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Saving Lives by Donating Umbilical Cord Blood after Birth

If you can save a life with something that is disposed off then you should. After all you have just given life to a new born child, and if you can bring joy and happiness into some people's life by donating something that is no longer of use to you, then you should.

If you can save a life with something that is disposed off then you should. After all you have just given life to a new born child, and if you can bring joy and happiness into some people's life by donating something that is no longer of use to you, then you should. Saving precious human lives is a noble cause; therefore donating umbilical cord blood is a noble cause. Researchers found that the stem cells in the umbilical cord could be transplanted, and used to save children suffering from fatal diseases like leukemia or lymphoma.  

If you are expecting and decide to donate the umbilical cord blood, talk to your doctor or midwife about your decision. You must do this in the 34th week of your pregnancy. You will need to determine if the hospital is listed with a cord blood bank. Remember that there are not very many facilities of cord blood banking right now, and you may need to get in touch with the National Marrow Donor Program Network of public cord blood banks. Until recently, there were less than 200 hospitals in the United States that were affiliated with public cord blood banks. This caused a number of potential donors to discard the idea of donating umbilical cord blood.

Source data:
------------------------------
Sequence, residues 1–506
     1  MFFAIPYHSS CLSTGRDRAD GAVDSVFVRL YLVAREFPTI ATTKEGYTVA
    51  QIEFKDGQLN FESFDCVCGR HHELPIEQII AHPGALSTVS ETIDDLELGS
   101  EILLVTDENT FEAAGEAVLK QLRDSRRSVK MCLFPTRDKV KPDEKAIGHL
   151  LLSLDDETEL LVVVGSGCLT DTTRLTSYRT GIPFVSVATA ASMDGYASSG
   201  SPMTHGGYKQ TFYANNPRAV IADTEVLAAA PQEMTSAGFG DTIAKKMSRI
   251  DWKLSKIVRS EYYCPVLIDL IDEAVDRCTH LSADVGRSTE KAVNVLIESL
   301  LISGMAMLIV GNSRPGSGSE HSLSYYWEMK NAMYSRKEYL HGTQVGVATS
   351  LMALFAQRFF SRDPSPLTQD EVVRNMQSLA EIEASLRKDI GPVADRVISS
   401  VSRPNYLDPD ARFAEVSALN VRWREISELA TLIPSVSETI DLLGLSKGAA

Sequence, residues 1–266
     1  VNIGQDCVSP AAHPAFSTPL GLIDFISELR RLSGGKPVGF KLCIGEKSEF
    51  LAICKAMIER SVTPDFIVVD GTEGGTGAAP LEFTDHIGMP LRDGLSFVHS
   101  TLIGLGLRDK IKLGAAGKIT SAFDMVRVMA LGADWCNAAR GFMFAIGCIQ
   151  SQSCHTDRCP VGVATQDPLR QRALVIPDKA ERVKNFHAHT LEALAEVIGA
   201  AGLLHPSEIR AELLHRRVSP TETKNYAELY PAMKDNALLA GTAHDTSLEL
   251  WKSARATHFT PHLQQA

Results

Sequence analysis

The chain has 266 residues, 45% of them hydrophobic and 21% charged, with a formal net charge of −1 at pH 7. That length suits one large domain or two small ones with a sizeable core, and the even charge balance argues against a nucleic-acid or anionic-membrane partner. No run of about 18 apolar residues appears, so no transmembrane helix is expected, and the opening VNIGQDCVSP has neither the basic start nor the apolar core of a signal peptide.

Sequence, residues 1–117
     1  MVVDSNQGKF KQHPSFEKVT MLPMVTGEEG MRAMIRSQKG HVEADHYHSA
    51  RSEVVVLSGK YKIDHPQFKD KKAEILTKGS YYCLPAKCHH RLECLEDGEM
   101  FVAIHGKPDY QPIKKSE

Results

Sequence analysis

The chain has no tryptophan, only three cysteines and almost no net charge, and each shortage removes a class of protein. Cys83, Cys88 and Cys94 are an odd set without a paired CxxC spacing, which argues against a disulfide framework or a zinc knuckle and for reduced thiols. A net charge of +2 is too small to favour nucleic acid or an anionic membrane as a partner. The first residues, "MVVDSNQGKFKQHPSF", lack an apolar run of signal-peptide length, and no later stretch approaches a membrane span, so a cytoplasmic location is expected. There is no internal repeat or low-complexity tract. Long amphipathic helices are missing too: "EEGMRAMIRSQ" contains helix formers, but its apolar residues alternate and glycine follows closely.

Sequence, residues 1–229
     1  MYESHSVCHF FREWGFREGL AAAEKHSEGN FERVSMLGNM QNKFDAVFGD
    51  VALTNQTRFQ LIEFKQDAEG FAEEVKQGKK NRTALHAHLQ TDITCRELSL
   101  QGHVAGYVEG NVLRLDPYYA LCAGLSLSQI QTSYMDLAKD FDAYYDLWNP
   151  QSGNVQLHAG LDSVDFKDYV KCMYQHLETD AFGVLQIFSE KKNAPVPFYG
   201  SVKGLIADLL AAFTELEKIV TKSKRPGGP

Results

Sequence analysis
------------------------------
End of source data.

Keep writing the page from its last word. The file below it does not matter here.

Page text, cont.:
However, now there is a Public Kit donation program. Potential mothers who want to donate the umbilical cord blood are sent a kit, which contains vials and a bag with blood thinner for preventing the cord blood from clotting. The mother's sample blood is stored in a vial, and used by the blood bank for screening. The doctor is taught how to collect the cord blood in an online session, which takes just seven minutes. The maximum turnaround time from the time the cord blood is extracted and stored, in a cord blood bank is 48 hours. The United States government and the cord blood banks share the cost of collection, processing and storage which can typically cost $2,500. The mother is not charged for making the donation.

More and more expectant mothers are joining this program and donating cord blood. The facilities for storing cord blood are also increasing. With the federal government backing the cord blood donation program, soon cord blood banks will be as common as blood banksFind Article, and more patients’ lives will be saved.


Source: Free Articles from ArticlesFactory.com

ABOUT THE AUTHOR


If you're interested in learning more about Public Cord Blood Banks, or Cord Blood Banking Cost we have more information and resources on our website at: http://www.publiccordbloodbanks.org



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